lawbartels
August 18, 2009, 03:24 PM
I've got one. Apparently some were manufactured for export. I've got the original user manual in English as well as a manual in German. Cautions about firing: be careful about hand placement or it will take a little nip out of the web of your hand. Also, the original Mann grips will crack easily and are impossible to find so use those handmade replacements. Unfortunately I've got only the box bottom, not top. Anyone interested in PDF copies of manuals (not production quality) can email me directly.
[EMAIL="lawbartels@aol.com"]

j-framer
August 23, 2009, 01:28 PM
Hi lawbartels,

As I asked soxxor above, could you share the serial number of your gun for research purposes? Also, given that you reference fragile grips, I'm assuming your gun has plastic grip panels, not the early aluminum ones?

lawbartels
August 24, 2009, 04:22 PM
Serial # 142XX-12. Plastic grip panels. Any return info re. manufacture date, export etc. will be appreciated.

j-framer
August 27, 2009, 07:51 PM
Thanks lawbartels - always good to hear when one of these little guns turns up, particularly when it's in the hands of someone who appreciates it.

By the way, I assume you accidentally transposed the digits of the date suffix - given the serial number, the year of manufacture should be "21".

wth182
September 15, 2009, 06:59 PM
I also have the Mann .25, I got mine from my grandfather who was in WWII so when he was in france he found it, I have the gun with homade plastic grips 65+ years old and original capture of enemy equitment certificate.
Serial no. 38540
Does anyone know the value?

j-framer
September 16, 2009, 08:23 PM
Bravo, wth182! Assuming you have accurately reported the serial number, your gun sets a new record in the database that I am compiling of surviving Mann pistols.

In my research about the Mann .25 pistol, I have heard it said that there were "about 20,000 made". This is from several sources, but none that I consider too reliable or authoritative. The 20,000 number seems to have been based on very scanty evidence, as I have recorded a number of serials that are well higher than 20,000 - up until now, the highest serial number that I had a reliable report of was 35535-21 (the "21" suffix just refers to the year of manufacture). Now that I have the serial number of your gun, we can say that the total number of units produced seems to have approached 40,000, if not more. This is assuming no major gaps in the serialization, which I think is a reasonable assumption since I have observed serial numbers nicely spaced throughout the entire range.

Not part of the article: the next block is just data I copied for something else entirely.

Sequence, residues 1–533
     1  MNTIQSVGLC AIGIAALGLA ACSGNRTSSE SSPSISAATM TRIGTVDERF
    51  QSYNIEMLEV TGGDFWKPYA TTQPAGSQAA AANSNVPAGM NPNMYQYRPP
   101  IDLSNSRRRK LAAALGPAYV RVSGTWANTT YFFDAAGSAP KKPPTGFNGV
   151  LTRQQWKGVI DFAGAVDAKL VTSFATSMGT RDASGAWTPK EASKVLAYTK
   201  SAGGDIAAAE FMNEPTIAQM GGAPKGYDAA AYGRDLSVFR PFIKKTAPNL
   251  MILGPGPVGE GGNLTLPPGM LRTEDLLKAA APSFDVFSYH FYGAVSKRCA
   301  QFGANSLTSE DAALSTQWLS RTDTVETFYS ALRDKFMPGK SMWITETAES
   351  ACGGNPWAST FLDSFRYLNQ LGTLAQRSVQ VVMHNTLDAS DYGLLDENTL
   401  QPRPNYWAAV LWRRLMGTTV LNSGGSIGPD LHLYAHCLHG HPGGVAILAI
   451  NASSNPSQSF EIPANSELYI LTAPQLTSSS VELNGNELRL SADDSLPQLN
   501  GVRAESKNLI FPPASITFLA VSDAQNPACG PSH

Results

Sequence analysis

If you could possibly post pictures of your gun, that would be terrific, and a close-up of the serial number would really be a great help to me.

One other thing that I am keenly interested to know is the date suffix of your serial number. You reported the serial as "38540", but there should be a -xx (some two-digit number) after it. Please let us know what that -xx number is. The reason I ask is that the only two date suffixes I have ever seen on Mann pistol serials are -20 and -21. As I reported above, even pistol #35535 was, judging from the suffix, apparently still manufactured in 1921. I am very curious to know if any .25s were ever made with a -22 date suffix.

The Mann company seems to have been very short-lived, but during the brief time they made guns they must have really churned these things out.

wth182
September 17, 2009, 05:53 PM
Hey I have the pictures i have no suffix, but I did include the serial number picture as well as the certificate of capture with the name rank and ID blocked.

wth182
September 17, 2009, 05:56 PM
Another

wth182
September 17, 2009, 05:58 PM
And the last

j-framer
September 17, 2009, 06:42 PM
Wow, that is very interesting - groundbreaking, in fact, as far as my own research goes. Apparently somewhere between production of serial #35535-21 and your gun #38540, they got rid of the date suffix after the serial number.